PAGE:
Cato Rand:So it is not surprising that the overreach by SSM advocates is producing a backlash. But neither is it surprising that the advent of SSM hasn’t immediately led to people marrying their waffle irons as so many SSM opponents predicted.

    The final impact of societal changes may not fully play out until a generation has passed, so I’d reserve conclusions on that for a couple of decades.

    • #20
    • December 20, 2016, at 7:06 AM PST
    • Like
  21. C. U. Douglas Thatcher
    C. U. DouglasJoined in the first year of Ricochet Ricochet Charter Member

    Cato Rand:It is a common, and dangerous, human tendency to project the future in a straight line. People are tempted — in all areas of life — to believe that once events are started in a direction, they will keep going that direction, forever. “Recency bias” is one term for this tendency from behavioral economics. But while this tendency manifests itself in economic matters, it does not do so exclusively there. It is fundamentally human and occurs in all areas of life.

    And the truth is usually exactly the opposite. Overreach tends to self correct, or produce a backlash. Things tend to revert to the mean if you give them time. The future is usually not quite like the immediate past, and the Event B that looks like it should follow from Event A in the slippery slope argument usually doesn’t come to pass.

    So it is not surprising that the overreach by SSM advocates is producing a backlash. But neither is it surprising that the advent of SSM hasn’t immediately led to people marrying their waffle irons as so many SSM opponents predicted.

    I recall you expressed concern about overreach prior to SSM being ruled on in the Supreme Court. The vote here is much more a strike against that overreach than against SSM. SSM-opponents like myself would do well to remember that.

    We should be looking for ways to bring our disparate groups together. Even if I think SSM is a bad idea, that does not necessarily mean I should prevent people from partaking or supporting a bad idea. Conversely, if someone believes SSM is a good idea, it does not require participation by all.

    We SSM-opponents have been our own worst enemies. Like Arjay, I suspect we’ve yet to see the full extent of the long-term consequences, but our shouts of “No!” for the last couple of decades only served to get us where we are now.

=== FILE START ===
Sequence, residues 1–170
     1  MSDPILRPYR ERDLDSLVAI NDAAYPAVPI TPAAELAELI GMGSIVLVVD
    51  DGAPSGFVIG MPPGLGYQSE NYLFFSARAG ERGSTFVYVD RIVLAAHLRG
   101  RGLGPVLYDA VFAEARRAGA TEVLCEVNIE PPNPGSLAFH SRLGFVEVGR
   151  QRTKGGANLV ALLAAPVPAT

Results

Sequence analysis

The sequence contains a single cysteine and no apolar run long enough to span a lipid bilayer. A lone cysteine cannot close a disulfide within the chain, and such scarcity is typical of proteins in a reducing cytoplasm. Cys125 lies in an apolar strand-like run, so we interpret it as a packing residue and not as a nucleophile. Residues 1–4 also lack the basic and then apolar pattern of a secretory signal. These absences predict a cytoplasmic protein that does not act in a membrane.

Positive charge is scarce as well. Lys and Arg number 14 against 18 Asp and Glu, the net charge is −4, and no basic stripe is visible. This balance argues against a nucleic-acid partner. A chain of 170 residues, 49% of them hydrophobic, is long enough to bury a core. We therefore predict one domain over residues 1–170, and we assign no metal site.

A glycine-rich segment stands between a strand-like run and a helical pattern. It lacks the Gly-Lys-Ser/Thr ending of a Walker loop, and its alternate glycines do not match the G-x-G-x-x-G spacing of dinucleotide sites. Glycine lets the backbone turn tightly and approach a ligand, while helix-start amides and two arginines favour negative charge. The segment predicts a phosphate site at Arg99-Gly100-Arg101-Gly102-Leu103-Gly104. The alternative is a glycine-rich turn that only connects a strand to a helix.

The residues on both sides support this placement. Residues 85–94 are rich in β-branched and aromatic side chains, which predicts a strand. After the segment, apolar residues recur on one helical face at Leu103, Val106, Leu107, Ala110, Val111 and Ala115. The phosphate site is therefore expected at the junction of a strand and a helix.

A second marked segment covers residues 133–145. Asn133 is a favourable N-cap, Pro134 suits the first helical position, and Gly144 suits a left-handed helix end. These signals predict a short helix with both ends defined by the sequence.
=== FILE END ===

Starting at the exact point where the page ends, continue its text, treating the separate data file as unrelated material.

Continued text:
• #21
    • December 20, 2016, at 7:47 AM PST
    • Like
  22. TempTime Member

    C. U. Douglas: Democrats have spent the last several elections using weird wording and placement to create confusion with the various measures. Frequently, if the SecState’s office doesn’t like a particular measure, they’ll word it so if you support something you should vote “No” and if you are against it you vote, “Yes.”

    They have also started doing this in Miami Dade County (frequently) and also at the State (Florida) level. Last election, it was necessary to point out to several conservative persons that the “tortured” language of a ballot item was a clue that it was not what it appeared to be. So I encouraged people to look behind the curtain and find out who was supporting the measures and who was funding them.

    One measure in particularly had language similar to “Should the state’s utility services companies be allowed to continue to protect the citizens of Florida from unnecessarily forced cost increases due to negative impact of the unregulated practices of out-of-state operators … etc., etc.” When you looked behind the curtain you found the largest electric service provider had poured millions into getting the Item on the ballot and then passed. Supporters included the unions (teachers, service employees, fire department, etc.).

    All the measure essentially did was prevent free market forces from working by preventing out of state providers of solar panels/systems from selling to people living in Florida and effectively grant the electric services company a monopoly of sorts.

    • #22
    • December 20, 2016, at 9:26 AM PST
    • Like
  23. Saint Augustine Member

    TempTime:

    C. U. Douglas: Democrats have spent the last several elections using weird wording and placement to create confusion with the various measures. Frequently, if the SecState’s office doesn’t like a particular measure, they’ll word it so if you support something you should vote “No” and if you are against it you vote, “Yes.”

    They have also started doing this in Miami Dade County (frequently) and also at the State (Florida) level. Last election, it was necessary to point out to several conservative persons that the “tortured” language of a ballot item was a clue that it was not what it appeared to be. So I encouraged people to look behind the curtain and find out who was supporting the measures and who was funding them.

    . . .

    Even in Texas, taxation measures to make up for short-term bond debt are called “bond initiatives,” and look like they have nothing to do with taxation until you read your ballot carefully.

    • #23
    • December 20, 2016, at 6:56 PM PST
    • Like

Comments are closed because this post is more than six months old. Please write a new post if you would like to continue this conversation.